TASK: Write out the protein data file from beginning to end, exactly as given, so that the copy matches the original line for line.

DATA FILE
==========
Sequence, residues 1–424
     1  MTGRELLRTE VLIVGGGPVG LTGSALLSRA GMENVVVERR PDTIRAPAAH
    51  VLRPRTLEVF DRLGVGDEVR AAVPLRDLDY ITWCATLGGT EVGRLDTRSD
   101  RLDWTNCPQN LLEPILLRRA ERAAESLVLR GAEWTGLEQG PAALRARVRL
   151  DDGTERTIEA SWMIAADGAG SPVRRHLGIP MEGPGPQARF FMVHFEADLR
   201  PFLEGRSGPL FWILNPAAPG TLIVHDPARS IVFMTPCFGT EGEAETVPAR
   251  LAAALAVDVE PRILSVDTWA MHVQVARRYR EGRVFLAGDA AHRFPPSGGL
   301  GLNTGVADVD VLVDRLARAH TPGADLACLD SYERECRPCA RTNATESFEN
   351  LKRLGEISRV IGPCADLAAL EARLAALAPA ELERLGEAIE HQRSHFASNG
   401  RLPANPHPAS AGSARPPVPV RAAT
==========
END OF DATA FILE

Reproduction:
Sequence, residues 1–424
     1  MTGRELLRTE VLIVGGGPVG LTGSALLSRA GMENVVVERR PDTIRAPAAH
    51  VLRPRTLEVF DRLGVGDEVR AAVPLRDLDY ITWCATLGGT EVGRLDTRSD
   101  RLDWTNCPQN LLEPILLRRA ERAAESLVLR GAEWTGLEQG PAALRARVRL
   151  DDGTERTIEA SWMIAADGAG SPVRRHLGIP MEGPGPQARF FMVHFEADLR
   201  PFLEGRSGPL FWILNPAAPG TLIVHDPARS IVFMTPCFGT EGEAETVPAR
   251  LAAALAVDVE PRILSVDTWA MHVQVARRYR EGRVFLAGDA AHRFPPSGGL
   301  GLNTGVADVD VLVDRLARAH TPGADLACLD SYERECRPCA RTNATESFEN
   351  LKRLGEISRV IGPCADLAAL EARLAALAPA ELERLGEAIE HQRSHFASNG
   401  RLPANPHPAS AGSARPPVPV RAAT